Badgers' Marcus Trotter taking full advantage of final collegiate campaign

September 10, 2014

MADISON, Wis. -- Perhaps you have heard that Marcus Trotter is not the most athletic linebacker this side of the Mississippi River. Maybe, as a Wisconsin football fan, you have said as much some time over the past five seasons.

Trotter himself has dealt with such a stigma since his high school days, when few college coaches expressed an interest in his playing ability -- and the ones that did preferred that he play fullback instead.

Well, Trotter always did want to be a linebacker. And nobody was going to deny him of such an opportunity. As he plays through his final season at Wisconsin all these years later, he also has proven to himself that he made the right decision. That's because, through two games, Trotter is the team's leading tackler with 18 total tackles. He also ranks second in tackles for a loss (2.5), has half of a sack and a quarterback hurry.

Not bad for a player whose best scholarship offer out of high school was to Western Michigan.

"Obviously, I'm not the fastest linebacker, but I think I've gained some speed to tell you the truth," Trotter said. "I really focus on the mental side of the game. I'm really good at picking up offensive tendencies, and I use that to my advantage because I might not be the fastest guy but I feel like I can get there faster than anyone because I know what they're probably going to be doing."

Trotter is yet another story of an in-state kid joining Wisconsin's program as a walk-on and transforming into a reliable starting scholarship player. He said his motivation has come, in part, to show that he is every bit as good as his twin brother, Michael, who came to Wisconsin on scholarship. Marcus said many coaches tried to persuade him to play for them as a package deal when they really only wanted Michael.

"Not that many schools were recruiting me," Trotter said. "Indiana gave me a scholarship, but it was purely just because they wanted Michael to come. Literally. I had a huge chip on my shoulder. I'm really happy that happened because I walked in here as a freshman with a huge chip on my shoulder. I feel that's the reason why I progressed as I have because I just had such a fire in me to prove people wrong."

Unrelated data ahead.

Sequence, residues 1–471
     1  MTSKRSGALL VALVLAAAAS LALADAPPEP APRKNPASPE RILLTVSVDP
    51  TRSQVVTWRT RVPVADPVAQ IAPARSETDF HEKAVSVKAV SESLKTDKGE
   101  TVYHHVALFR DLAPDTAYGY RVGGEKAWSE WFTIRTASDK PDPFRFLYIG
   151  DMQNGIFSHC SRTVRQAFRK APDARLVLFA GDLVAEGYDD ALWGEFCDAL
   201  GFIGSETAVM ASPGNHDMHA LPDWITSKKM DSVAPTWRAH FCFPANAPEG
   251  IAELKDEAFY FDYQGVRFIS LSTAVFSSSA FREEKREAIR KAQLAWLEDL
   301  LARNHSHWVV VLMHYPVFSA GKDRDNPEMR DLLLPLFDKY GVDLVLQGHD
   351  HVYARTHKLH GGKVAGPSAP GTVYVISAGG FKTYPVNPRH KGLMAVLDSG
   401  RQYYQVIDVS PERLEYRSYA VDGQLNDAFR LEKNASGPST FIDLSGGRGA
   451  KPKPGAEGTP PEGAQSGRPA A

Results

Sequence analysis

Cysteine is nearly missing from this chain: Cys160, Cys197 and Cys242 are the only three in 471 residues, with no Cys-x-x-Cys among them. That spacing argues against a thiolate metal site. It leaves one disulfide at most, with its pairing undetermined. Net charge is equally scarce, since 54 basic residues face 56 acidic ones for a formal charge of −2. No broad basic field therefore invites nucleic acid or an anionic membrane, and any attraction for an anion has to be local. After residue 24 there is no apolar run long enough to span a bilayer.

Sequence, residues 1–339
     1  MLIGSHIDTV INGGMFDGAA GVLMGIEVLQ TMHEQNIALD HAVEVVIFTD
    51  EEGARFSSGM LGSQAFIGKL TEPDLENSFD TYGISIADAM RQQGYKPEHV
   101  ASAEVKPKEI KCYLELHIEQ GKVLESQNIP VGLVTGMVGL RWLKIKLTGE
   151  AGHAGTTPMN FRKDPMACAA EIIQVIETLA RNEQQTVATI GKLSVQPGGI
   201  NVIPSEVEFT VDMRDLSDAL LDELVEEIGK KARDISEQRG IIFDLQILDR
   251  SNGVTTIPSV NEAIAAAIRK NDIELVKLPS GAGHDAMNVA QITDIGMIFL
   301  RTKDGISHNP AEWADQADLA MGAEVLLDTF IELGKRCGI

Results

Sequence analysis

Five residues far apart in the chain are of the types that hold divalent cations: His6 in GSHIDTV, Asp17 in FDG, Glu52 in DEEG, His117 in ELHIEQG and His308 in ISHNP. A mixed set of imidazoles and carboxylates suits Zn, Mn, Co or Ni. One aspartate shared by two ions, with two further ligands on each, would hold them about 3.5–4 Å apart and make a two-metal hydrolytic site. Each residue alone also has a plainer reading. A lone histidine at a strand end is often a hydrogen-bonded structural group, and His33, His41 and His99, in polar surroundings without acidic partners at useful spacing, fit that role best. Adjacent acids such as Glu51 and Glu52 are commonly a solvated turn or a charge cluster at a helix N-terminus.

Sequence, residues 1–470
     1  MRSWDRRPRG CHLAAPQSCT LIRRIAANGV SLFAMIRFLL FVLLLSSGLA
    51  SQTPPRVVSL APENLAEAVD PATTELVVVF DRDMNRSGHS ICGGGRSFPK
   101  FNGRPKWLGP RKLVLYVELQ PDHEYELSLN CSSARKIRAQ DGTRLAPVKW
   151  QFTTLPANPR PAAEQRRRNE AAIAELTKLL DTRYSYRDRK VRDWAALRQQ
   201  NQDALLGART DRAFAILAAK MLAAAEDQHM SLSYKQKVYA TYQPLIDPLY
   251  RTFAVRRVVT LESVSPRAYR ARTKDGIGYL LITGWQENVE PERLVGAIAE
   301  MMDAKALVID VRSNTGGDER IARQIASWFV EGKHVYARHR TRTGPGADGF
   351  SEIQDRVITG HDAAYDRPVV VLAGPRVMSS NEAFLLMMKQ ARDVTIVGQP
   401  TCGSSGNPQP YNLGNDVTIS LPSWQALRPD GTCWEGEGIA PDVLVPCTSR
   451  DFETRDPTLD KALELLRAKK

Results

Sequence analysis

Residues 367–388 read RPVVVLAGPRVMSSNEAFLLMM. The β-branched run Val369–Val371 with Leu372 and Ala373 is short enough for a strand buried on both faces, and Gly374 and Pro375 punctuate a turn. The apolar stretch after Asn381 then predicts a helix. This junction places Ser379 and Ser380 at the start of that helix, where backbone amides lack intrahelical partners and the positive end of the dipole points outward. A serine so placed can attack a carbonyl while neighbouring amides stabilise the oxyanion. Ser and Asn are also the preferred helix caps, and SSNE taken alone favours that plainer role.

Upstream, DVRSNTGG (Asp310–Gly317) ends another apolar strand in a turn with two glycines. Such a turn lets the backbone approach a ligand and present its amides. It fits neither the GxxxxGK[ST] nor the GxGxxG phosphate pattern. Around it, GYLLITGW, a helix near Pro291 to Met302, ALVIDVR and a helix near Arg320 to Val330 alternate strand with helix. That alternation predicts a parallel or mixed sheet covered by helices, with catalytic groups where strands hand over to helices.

When Marcus arrived at Wisconsin, he had to convince former coach Bret Bielema to let him play linebacker instead of fullback. Starting fullback Bradie Ewing was nearing the end of his Badgers career, and the team needed a replacement. By the end of his first semester in the program, however, Marcus had shown enough to stay on the defensive side of the ball. And he has steadily improved to the point that he is now one of the team's starting inside linebackers alongside Derek Landisch.

The two have the tall task of replacing Chris Borland and Conor O'Neill, but they each have brought enough intelligence to the position to make up for their deficiencies.

"Definitely playing next to Marcus is great because we talk things out," Landisch said. "We see formations while we're in our stances, and we're talking plays out. That's definitely something that I'd say helps both of us. We're always on the same page. Just growing up with Marcus coming through the ranks ever since I was a freshman, we've played with each other all those spring balls, all the fall camps. Having that continuity has definitely helped us."

Both players are a key reason Wisconsin ranks No. 18 nationally in total defense through two games (263.5 yards), No. 25 in rushing defense (90.0 yards per game) and No. 29 in scoring defense (15.5 points per game).

Trotter, in particular, has made the necessary leap to replace Borland, who was one of the great linebackers in program history. Before this season, Trotter had appeared in only 14 games, but his preparation left him in good position for a new role.

"I've waited a very, very long time for this opportunity," said Trotter, a fifth-year senior. "I've always thought I could get a lead role and produce the way I have been. I feel like the same plays I make on the field are the same plays I make in practice."

One of the reasons Trotter has been able to make so many plays this season is his slimmed-down physique, he said. At times in his college career, Trotter was up to 240 pounds, but he is now playing at about 225.

In defensive coordinator Dave Aranda's 3-4 defense, players slimmed down during the offseason to gain speed. And Trotter noted a specific play during Saturday's Western Illinois game in which he caught a wide receiver during the fourth quarter on a sweep play.

"I feel like if I was that slow I wouldn't have been able to do that," Trotter said.

Indeed, Trotter has shown he is plenty capable at the linebacker position. He may not blaze a 4.5 40-yard dash, but that has hardly mattered in the Badgers' scheme, where he has excelled because of his smarts.

"When it's time to play and when you put the pads on, Marcus is fine with his speed," Landisch said. "There's a difference between NFL Combine speed and game speed. And another thing is when you know a team's tendency, that also makes you faster because you know what's going to happen before it even happens."

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